Atypical development of face and greeble recognition in autism

Authors

  • K. Suzanne Scherf,

    1. 1 Department of Psychology, Carnegie Mellon University, USA ; 2 Department of Psychiatry and 3Neurology, University of Pittsburgh, USA ; 4 Department of Psychology, University of Pittsburgh, USA
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  • 1 Marlene Behrmann,

    1. 1 Department of Psychology, Carnegie Mellon University, USA ; 2 Department of Psychiatry and 3Neurology, University of Pittsburgh, USA ; 4 Department of Psychology, University of Pittsburgh, USA
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  • 1 Nancy Minshew,

    1. 1 Department of Psychology, Carnegie Mellon University, USA ; 2 Department of Psychiatry and 3Neurology, University of Pittsburgh, USA ; 4 Department of Psychology, University of Pittsburgh, USA
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  • and 2,3 Beatriz Luna 2,4

    1. 1 Department of Psychology, Carnegie Mellon University, USA ; 2 Department of Psychiatry and 3Neurology, University of Pittsburgh, USA ; 4 Department of Psychology, University of Pittsburgh, USA
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  • Conflict of interest statement: No conflicts declared.

K. Suzanne Scherf, Department of Psychology, Baker Hall 330, Carnegie Mellon University, 5000 Forbes Ave., Pittsburgh, PA 15213, USA. Email: scherf@pitt.edu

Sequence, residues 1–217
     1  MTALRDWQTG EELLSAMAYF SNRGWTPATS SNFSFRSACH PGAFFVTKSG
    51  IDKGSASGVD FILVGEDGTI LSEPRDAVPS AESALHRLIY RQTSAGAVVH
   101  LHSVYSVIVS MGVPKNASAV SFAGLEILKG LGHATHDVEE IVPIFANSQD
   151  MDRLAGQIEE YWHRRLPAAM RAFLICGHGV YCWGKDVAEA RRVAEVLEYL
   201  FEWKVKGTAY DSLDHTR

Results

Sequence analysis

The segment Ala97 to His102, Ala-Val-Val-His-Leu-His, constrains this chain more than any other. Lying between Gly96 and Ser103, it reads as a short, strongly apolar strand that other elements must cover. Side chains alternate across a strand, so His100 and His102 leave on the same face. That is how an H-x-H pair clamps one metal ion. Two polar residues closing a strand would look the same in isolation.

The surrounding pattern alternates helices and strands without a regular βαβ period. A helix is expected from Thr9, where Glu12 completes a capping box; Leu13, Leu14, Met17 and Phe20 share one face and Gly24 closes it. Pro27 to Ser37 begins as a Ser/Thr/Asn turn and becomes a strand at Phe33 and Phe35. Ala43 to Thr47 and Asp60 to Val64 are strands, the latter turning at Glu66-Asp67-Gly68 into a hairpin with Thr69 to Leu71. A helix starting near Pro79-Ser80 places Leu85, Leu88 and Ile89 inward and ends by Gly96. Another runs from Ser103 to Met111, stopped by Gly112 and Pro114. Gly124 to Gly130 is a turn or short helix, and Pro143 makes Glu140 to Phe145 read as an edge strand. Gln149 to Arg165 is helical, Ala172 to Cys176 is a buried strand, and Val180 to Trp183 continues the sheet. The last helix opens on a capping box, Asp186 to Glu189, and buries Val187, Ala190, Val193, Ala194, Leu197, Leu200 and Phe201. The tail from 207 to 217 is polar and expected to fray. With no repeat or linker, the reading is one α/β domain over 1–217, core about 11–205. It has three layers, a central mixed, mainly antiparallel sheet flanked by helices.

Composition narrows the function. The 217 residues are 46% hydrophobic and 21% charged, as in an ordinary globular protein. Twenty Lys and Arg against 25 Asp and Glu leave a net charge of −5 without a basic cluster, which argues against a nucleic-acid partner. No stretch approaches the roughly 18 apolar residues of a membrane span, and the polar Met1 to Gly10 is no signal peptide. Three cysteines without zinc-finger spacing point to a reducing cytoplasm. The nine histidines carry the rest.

Abstract

Background:  Impaired face processing is a widely documented deficit in autism. Although the origin of this deficit is unclear, several groups have suggested that a lack of perceptual expertise is contributory. We investigated whether individuals with autism develop expertise in visuoperceptual processing of faces and whether any deficiency in such processing is specific to faces, or extends to other objects, too.

Method:  Participants performed perceptual discrimination tasks, including a face inversion task and a classification-level task, which requires especially fine-grained discriminations, on three classes of stimuli: socially-laden faces, perceptually homogenous novel objects, greebles, and perceptually heterogeneous common objects.

Results:  We found that children with autism develop typical levels of expertise for recognition of common objects. However, they evince poorer recognition for perceptually homogenous objects, including faces and, most especially, greebles.

Conclusions:  Documenting the atypical recognition abilities for greebles in children with autism has provided an important insight into the potential origin of the relatively poor face recognition skills. Our findings suggest that, throughout development, individuals with autism have a generalized deficit in visuoperceptual processing that may interfere with their ability to undertake configural processing, and that this, in turn, adversely impacts their recognition of within-class perceptually homogenous objects.

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